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Rudolf A. Kristof, Maria Rother, Georg Neuloh and Dietrich Klingmüller


The authors prospectively studied the incidence, spectrum of clinical manifestations, course, and risk factors of water and electrolyte disturbances (WEDs) following transsphenoidal pituitary adenoma surgery.


From the preoperative day to the 14th postoperative day, 57 successive patients undergoing transsphenoidal adenomectomy were monitored daily for body weight, balance of fluids, serum electrolytes, plasma osmolality, plasma antidiuretic hormone (ADH) levels, urinary sodium excretion, urinary osmolality, and subjective sensation of thirst. The type of adenoma operated on and the intraoperative manipulation of the neurohypophysis were also recorded.


Fifty-seven patients (mean age 55 years, 61.4% females) harbored 30 clinically hormone-inactive and 27 hormone-secreting pituitary adenomas. Postoperative WED occurred in 75.4% of the patients: in 38.5% as isolated diabetes insipidus (DI); in 21% as isolated hyponatremia; and in 15.7% as combined DI-hyponatremia. The maximum of medians of diuresis (5.750 L) in patients with isolated DI occurred on postoperative Day 2. Nadir of medians of hyponatremia (132 mmol/L) in patients with isolated hyponatremia occurred on postoperative Day 9. In patients with combined DI-hyponatremia, maximum of medians of diuresis (5.775 L) occurred on the 2nd day and nadir of medians of hyponatremia (130 mmol/L) on the 10th postoperative day. Altogether, 8.7% of the patients had to be treated with desmopressin because of DI persisting for > 3 months. Of all the patients with hyponatremia, 42.8% were treated by transient fluid-intake restriction due to an IH of < 130 mmol/L with or without clinical symptomatology. Transient acute renal failure occurred in one of these patients. Generally, the occurrence of postoperative WEDs was linked to the intraoperative manipulation of the neurohypophysis. Increased thirst correlated significantly with DI (p = 0.001 and 0.02, respectively) and decreased thirst with the hyponatremic episode in patients with combined DI-hyponatremia (p = 0.003). Decreased urine osmolality correlated significantly with the presence of DI (p = 0.023). Electrolyte-free water clearance and urinary Na+ excretion were not correlated with DI and hyponatremia. Antidiuretic hormone was not suppressed during hyponatremia.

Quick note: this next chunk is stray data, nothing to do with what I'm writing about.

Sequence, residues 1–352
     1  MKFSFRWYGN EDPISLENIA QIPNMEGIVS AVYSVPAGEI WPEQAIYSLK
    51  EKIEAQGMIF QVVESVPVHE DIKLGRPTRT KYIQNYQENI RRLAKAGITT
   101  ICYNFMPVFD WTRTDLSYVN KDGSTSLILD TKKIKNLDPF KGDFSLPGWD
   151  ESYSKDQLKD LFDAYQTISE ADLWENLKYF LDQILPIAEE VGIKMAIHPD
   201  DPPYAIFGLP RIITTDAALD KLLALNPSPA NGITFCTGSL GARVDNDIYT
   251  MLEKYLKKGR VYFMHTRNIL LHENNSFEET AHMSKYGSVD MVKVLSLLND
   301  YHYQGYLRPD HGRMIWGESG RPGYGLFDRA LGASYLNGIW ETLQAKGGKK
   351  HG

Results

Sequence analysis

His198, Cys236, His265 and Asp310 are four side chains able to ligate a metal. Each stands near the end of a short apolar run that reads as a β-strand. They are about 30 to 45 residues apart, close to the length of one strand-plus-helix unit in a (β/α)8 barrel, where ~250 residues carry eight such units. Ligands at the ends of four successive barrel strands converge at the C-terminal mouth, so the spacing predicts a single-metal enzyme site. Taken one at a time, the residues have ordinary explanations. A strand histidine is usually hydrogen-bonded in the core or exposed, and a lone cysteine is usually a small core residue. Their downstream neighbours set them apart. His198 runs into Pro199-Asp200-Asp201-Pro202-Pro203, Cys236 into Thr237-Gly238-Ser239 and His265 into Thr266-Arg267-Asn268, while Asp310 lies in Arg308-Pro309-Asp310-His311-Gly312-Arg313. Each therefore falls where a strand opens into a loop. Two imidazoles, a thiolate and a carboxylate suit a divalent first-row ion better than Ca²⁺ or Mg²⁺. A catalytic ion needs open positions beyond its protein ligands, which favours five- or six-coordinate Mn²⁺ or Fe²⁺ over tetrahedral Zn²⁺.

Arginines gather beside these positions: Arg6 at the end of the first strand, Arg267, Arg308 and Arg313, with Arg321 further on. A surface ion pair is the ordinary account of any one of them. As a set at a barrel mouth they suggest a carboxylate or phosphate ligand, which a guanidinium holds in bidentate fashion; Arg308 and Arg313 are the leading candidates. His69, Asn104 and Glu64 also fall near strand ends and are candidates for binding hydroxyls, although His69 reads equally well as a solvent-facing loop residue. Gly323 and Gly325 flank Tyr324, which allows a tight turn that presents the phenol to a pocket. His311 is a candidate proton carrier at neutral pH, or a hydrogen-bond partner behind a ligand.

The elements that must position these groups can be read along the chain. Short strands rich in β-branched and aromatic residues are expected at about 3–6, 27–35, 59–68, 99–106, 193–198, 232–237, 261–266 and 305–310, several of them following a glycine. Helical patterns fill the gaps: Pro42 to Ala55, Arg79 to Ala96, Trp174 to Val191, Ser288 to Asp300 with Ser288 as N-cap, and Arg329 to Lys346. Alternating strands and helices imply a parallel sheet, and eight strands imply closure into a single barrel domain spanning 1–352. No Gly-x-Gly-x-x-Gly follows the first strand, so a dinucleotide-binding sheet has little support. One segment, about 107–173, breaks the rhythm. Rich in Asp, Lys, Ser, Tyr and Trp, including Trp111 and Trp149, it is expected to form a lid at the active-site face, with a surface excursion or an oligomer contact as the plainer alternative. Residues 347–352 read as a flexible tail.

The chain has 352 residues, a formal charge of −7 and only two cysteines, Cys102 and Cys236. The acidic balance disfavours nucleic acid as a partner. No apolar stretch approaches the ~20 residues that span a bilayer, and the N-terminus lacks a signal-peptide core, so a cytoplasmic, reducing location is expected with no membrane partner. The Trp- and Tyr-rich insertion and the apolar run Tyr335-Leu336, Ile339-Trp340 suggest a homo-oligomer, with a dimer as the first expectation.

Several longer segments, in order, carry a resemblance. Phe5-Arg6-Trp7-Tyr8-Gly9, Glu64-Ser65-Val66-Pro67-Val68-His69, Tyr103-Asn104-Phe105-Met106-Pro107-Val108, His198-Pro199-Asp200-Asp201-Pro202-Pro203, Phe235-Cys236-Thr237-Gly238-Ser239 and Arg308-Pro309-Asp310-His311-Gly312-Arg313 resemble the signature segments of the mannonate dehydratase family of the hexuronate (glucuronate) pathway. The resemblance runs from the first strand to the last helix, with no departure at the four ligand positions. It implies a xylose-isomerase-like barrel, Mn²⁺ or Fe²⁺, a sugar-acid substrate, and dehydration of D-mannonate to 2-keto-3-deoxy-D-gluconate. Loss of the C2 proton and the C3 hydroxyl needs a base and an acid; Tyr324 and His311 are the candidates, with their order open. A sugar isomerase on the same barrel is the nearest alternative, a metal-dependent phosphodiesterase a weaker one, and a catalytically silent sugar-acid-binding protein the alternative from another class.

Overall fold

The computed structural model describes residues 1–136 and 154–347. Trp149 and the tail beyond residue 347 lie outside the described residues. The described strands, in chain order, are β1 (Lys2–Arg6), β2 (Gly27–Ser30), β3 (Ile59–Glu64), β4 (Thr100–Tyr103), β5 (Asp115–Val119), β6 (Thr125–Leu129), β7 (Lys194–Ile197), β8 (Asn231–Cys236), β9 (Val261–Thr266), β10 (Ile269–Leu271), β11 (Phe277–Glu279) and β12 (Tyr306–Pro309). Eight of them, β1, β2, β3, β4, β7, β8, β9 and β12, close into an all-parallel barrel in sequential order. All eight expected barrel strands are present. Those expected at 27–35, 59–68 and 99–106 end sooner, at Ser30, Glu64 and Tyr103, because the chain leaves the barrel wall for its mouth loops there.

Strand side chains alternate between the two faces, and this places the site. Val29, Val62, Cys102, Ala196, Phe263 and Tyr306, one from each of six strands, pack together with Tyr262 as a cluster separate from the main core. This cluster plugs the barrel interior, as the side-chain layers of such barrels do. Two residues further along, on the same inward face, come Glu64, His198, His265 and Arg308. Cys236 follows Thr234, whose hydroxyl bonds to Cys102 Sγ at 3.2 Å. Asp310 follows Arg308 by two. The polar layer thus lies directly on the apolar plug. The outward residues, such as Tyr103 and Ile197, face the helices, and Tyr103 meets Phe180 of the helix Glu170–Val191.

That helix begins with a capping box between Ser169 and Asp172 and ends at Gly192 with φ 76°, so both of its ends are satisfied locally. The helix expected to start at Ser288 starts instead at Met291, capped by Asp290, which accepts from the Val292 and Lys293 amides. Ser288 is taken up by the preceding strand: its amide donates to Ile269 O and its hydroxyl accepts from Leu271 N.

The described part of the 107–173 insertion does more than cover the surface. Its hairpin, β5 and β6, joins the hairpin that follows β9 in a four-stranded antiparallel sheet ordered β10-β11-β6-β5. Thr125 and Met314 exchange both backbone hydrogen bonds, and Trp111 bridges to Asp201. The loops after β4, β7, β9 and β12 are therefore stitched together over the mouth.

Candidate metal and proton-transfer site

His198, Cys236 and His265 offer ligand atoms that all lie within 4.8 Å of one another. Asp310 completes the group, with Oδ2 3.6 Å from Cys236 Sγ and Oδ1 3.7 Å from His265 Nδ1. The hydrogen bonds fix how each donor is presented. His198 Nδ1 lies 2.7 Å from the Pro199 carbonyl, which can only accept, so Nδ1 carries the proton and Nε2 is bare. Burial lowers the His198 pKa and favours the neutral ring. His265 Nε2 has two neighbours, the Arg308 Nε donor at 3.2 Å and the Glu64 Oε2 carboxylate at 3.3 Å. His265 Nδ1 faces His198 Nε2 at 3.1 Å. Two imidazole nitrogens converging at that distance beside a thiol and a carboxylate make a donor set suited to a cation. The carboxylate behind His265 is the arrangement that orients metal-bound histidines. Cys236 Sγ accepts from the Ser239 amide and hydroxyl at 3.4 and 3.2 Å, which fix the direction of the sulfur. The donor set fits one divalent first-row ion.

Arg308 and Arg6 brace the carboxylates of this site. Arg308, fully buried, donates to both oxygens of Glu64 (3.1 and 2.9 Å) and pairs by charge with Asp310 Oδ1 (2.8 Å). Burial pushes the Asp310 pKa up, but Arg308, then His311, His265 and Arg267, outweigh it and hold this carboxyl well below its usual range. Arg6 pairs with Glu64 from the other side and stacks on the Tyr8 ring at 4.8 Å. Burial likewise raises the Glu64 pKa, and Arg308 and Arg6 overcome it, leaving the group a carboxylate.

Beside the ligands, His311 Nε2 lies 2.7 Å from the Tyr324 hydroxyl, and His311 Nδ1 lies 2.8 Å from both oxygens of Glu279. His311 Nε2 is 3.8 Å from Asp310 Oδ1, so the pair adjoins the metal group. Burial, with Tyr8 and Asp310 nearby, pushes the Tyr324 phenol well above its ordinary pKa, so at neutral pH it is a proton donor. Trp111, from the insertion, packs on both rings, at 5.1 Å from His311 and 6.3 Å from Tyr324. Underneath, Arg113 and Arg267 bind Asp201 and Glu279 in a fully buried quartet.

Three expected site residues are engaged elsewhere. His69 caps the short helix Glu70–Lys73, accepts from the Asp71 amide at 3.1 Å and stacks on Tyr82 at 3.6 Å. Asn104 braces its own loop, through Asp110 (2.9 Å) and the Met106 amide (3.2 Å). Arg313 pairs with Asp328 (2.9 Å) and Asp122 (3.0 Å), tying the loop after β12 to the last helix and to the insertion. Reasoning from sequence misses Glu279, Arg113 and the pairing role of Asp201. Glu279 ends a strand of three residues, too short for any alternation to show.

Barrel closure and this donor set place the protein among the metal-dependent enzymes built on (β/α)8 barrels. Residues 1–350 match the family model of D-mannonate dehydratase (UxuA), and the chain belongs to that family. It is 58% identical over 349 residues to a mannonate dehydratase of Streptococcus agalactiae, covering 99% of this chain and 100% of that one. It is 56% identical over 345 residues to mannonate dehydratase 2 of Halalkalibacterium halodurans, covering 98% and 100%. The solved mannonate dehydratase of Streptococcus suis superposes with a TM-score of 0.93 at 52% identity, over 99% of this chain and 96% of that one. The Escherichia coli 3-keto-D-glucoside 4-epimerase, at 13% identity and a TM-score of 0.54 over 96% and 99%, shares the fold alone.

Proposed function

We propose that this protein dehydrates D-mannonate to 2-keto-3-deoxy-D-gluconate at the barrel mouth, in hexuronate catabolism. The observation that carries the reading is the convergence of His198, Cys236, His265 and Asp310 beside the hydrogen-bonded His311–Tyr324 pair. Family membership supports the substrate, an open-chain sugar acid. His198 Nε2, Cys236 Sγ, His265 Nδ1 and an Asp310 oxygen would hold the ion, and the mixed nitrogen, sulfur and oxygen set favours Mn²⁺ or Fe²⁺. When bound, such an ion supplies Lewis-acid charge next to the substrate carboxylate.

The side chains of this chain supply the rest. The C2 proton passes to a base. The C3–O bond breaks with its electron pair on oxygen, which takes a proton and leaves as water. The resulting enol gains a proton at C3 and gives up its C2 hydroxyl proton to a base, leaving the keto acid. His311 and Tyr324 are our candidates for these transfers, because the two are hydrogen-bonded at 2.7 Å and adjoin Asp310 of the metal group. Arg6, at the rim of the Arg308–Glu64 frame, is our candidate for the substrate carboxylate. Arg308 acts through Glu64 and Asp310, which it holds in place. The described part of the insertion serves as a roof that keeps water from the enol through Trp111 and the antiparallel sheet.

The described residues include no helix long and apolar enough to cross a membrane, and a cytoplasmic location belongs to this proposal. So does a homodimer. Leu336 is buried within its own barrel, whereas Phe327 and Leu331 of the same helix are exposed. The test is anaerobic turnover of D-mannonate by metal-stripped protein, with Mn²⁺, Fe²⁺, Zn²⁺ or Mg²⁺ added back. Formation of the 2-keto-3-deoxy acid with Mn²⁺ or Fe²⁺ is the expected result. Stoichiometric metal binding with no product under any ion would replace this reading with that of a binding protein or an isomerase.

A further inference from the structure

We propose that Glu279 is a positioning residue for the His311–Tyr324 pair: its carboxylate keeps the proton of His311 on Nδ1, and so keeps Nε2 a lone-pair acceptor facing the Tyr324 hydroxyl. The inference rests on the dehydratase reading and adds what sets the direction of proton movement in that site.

Water and electrolyte disturbances occurred in the majority of patients undergoing transsphenoidal adenomectomy and were usually transient. Diabetes insipidus is more frequent than hyponatremia. Diabetes insipidus usually occurs during the 1st postoperative day and resolves in the majority of cases within 10 days. In few patients, DI may persist and require therapy with ADH analogs. Hyponatremia usually occurs at the end of the 1st postoperative week and resolves in most cases within 5 days. Very few patients will need treatment other than fluid-intake restriction to avoid serious complications. Thus, careful monitoring of the WEDs in patients undergoing transsphenoidal pituitary adenoma surgery is mandatory for the first 10 postoperative days.

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Matthias Simon, Georg Neuloh, Marec von Lehe, Bernhard Meyer and Johannes Schramm


Treatment for insular (paralimbic) gliomas is controversial. In this report the authors summarize their experience with microsurgical resection of insular tumors.


The authors analyzed complications, functional outcomes, and survival in a series of 101 operations performed in 94 patients between 1995 and 2005.